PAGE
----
“I tried the lyric in the verses a couple of different ways, but it felt right just to cut straight in. Some of the best U2 songs start in the middle of the conversation: ‘It’s Monday morning / ‘Bout a quarter past 4' — bop, you’re in. I think my favorite line is, ‘What are you hiding behind those eyes / Can anyone find you there or is it just me?’ I like that a question hangs just before the chorus hits.
“The verses could have gone in different directions, but the chorus, I knew. I knew how to sing that.”
The idea became so embedded in Bono’s consciousness that, for his 60th birthday, he posted a list of “60 Songs That Saved My Life” on U2’s website along with fan letters he wrote to the songwriters, or their families. Wanting to take the idea even farther, the band and Universal partnered with Education Through Music, a non-profit organization that partners with “under-resourced schools to deliver music as a core subject for all students,” according to its site. ETM’s work is highlighted in a special video for “Your Song Saved My Life” featuring some of its students.
Getting Bono onboard the movie was just the first step. The production also had to clear the use of U2 songs. The whole band had to be behind it.
“The question from the band’s point of view was, ‘This is inspired by a kids’ film, right?’” the singer recalls. “‘Yeah, this is a great artist, Garth, and we should be honored to be part of this. There’s going to be other U2 songs —' ‘What?! It’s not just one song?’ ‘No, if we’re in this, we’re in all the way. I’m going to be in the film.’ ‘You’re going to be in the film?’
“I have a lot of explaining in my life to U2; that’s just the nature of democracy, which as Bruce Springsteen said, is ‘all very well for countries like Iraq, but in a band?’” Bono says with a hearty laugh.
He later showed them a key scene in which the porcupine Ash, voiced by Scarlett Johansson, sings a heartfelt, stripped-down version of the band’s “Stuck in a Moment You Can’t Get Out Of.”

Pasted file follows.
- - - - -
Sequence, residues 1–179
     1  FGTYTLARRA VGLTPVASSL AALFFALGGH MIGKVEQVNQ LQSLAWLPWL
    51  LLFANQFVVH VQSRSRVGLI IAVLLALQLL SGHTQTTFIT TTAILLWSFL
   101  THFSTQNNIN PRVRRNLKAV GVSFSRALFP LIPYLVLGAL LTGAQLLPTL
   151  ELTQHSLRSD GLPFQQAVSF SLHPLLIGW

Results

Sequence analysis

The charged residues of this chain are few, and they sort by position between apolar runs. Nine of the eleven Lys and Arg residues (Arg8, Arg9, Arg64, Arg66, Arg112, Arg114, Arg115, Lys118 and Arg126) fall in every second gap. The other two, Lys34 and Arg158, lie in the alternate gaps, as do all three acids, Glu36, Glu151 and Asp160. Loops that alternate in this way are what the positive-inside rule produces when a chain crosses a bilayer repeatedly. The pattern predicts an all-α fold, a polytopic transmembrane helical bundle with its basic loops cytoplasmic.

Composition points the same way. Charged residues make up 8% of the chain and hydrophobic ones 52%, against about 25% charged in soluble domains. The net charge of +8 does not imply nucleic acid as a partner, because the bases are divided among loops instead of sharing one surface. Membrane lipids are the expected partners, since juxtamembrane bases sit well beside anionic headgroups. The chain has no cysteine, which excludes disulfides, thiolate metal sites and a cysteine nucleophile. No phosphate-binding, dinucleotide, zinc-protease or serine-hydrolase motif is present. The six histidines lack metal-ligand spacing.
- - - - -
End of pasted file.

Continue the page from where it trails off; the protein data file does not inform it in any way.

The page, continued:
“I’ve known Scarlett since she was a kid, I feel,” says Bono, having worked with the actress on the (Red) campaign to marshal the might of major brands against pandemics. “She’s so punk rock, nothing will make her nervous. However sweet she would want to sing this, she’s just got a little street about her.”
Perhaps there is one thing that could make Johansson nervous. “I didn’t have the pleasure of singing with Bono in person, although it was probably for the better since it would’ve taken me an hour or two just to get over my nerves,” the actress told The Envelope. The two recorded their portions of the song separately. “I’m gonna guess that I was probably more nervous to sing a ‘duet’ with Bono than him having to act with me.”
“Scarlett is besotted by music,” Bono says. “She approached that very tenderly. She made that song her own. And you have to be true in that moment or people wouldn’t care. I wasn’t surprised she could pull it off. But the band were,” he says with that MacPhisto grin. “I think it stunned them all. I just had to put that scene on: ‘OK? Your songs are in good hands.’ ”
Thus Bono, Evangelist of the Church of Music, won new converts among his lifelong friends.
“It’s a real thing for me as I look at what I do and I go, ‘Wow, this thing is unknowable.’ You’ll never be a professor of it; you’ll always be a student as you study songs and why they move you or why they don’t. The ones that break all the rules, the ones that invent new ones. I am, as the song I was listening to earlier, ‘Lost in Music,’ more than I’ve ever been.”